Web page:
In Brussels, they call them the "Gazpromians" — the heavy hitting group of lobbyists who for diverse reasons ensure that the interests of the Russian gas monopoly Gazprom are well defended in the European Union. The line-up includes current and former political leaders — like Gemany's ex-chancellor Gerhard Schröder, and Italy's Prime Minister Silvio Berlusconi — whose countries have major contracts with Gazprom, EU bigwigs like Energy Commissioner Andris Piebalgs, and the influential CEOs of Italian, German, Dutch and French national energy companies — which already have multimillion dollar contracts with the Russians, or are planning to conclude deals soon.

The Gazprommers' influence on European politics extends to issues that have nothing to do with gas. Brussels' climate package is a case in point. Some of the ambitious proposals that feature in the package, which are supposed to make Europe a world leader in the campaign against climate change, are a gift for the Gazpromians. Among the technologies destined to replace coal power generation, natural gas, Gazprom's main product, appears to be the cheapest and the easiest to use.

Poland between a rock and a hard place

Countries like Poland, which were simultaneously involved in negotiations on the terms of the climate package and long-term Russian gas supply contracts, faced serious difficulties, because the position they adopted in one set of talks could be undermined by pressure at the other negotiating table. Before the EU finalized its plan to reduce CO2 emissions, the Poles were unable to determine the amount of gas they would need in future years. At the same time, demands from Brussels to replace their antiquated energy infrastructure, and the lobby for Gazprom, whose fuel generates 40% less CO2 than coal, and for which there is no feasible alternative in the short term, left them between a rock and a hard place. Naturally, you would suppose that the projects for the diversification of Europe's gas supply sources, which are supposed to provide EU countries including Poland with access to gas from Norway, Central Asia, or Qatar should be equally ambitious.

But the same Brussels administration, which adopts a hard line on the greenhouse gas effect to the point where it seriously undermines the budgets of poorer members of the EU, is in no rush to diversify its gas supply sources. It now appears that EU's leading gas supply diversification project, the Nabucco pipeline project (which proposes to link the Caspian Sea to the Mediterranean without passing through Russia) is less likely to be completed than the Russian South Stream pipeline. Gazpromians led by Andris Piebalgs are also proposing projects with an extremely novel definition of diversification for Northern Europe — chief among them the Russian/German Nord Stream gas pipeline, whose main effect will be to increase European dependence on Russian energy.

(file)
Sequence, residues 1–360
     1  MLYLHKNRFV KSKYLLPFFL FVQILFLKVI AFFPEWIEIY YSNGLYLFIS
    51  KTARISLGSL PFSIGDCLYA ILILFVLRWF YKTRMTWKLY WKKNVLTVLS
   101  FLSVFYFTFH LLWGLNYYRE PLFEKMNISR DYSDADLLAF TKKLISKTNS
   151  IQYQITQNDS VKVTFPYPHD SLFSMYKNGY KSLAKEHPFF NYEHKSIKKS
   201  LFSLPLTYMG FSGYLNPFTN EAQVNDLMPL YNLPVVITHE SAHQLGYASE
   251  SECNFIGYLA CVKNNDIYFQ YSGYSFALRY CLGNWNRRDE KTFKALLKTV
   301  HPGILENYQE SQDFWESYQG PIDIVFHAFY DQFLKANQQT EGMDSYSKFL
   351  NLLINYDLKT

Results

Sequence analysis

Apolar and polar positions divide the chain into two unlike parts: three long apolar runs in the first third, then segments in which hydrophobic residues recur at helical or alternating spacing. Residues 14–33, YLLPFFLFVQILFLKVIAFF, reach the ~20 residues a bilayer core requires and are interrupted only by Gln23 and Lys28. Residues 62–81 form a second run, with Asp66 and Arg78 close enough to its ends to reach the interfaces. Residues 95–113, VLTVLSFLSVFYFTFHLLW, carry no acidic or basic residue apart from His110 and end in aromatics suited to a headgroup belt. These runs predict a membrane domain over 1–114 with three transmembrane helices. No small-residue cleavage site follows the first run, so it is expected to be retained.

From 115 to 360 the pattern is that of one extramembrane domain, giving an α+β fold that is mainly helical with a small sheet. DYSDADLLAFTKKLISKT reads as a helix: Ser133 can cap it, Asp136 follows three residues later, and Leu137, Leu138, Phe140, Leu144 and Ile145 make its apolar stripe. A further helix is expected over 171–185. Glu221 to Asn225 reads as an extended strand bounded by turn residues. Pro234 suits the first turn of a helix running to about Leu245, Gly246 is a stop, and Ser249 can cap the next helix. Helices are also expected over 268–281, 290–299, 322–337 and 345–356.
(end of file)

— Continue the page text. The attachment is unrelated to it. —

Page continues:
Lisbon treaty favours Gazprommers

As a Latvian, Energy Commissioner Piebalgs has his reasons for promoting Nord Stream, which has prompted opposition from both the Estonians and the Poles. Latvia, which is currently in the throes of a profound economic crisis, will provide the location for Gazprom's billion euro storage facility for gas from the pipeline. Nord Stream has recently secured the support of the Danish government, which not only withdrew its environmental objections to the gas pipeline, but also ordered two billion cubic meters of Russian gas to be supplied via Nord Stream. Likewise the Finns, who have set aside their opposition to the project, which they now see as a wholly positive development — though we should mention, that this change of tack was warmly encouraged by the Kremlin which has now postponed a duty hike it threatened to impose on its exports of timber to Finland.

The Gazpromians also stand to benefit from the provisions of the Lisbon Treaty, whose ratification confirmed a change in the statutes of the European Investment Bank (EBI), a necessary Nord Stream partner for Gazprom, which has been suffering from a shortage of cash in recent times. Before the treaty came into force, the EIB needed to obtain the consent of all of Europe's member states for major projects. From now on, it will only need the consent of 18 countries which own 68% of its capital. As it stands, the countries directly involved in Nord Stream — Germany, France, Italy, the Netherlands and Denmark — have a 55% stake in the bank's capital and it should be a piece of cake for the Gazpromians to garner the support from the owners of another 13%.